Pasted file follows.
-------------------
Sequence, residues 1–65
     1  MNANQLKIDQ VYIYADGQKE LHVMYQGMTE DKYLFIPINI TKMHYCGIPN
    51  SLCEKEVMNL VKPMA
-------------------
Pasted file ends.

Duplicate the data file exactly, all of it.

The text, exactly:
Sequence, residues 1–65
     1  MNANQLKIDQ VYIYADGQKE LHVMYQGMTE DKYLFIPINI TKMHYCGIPN
    51  SLCEKEVMNL VKPMA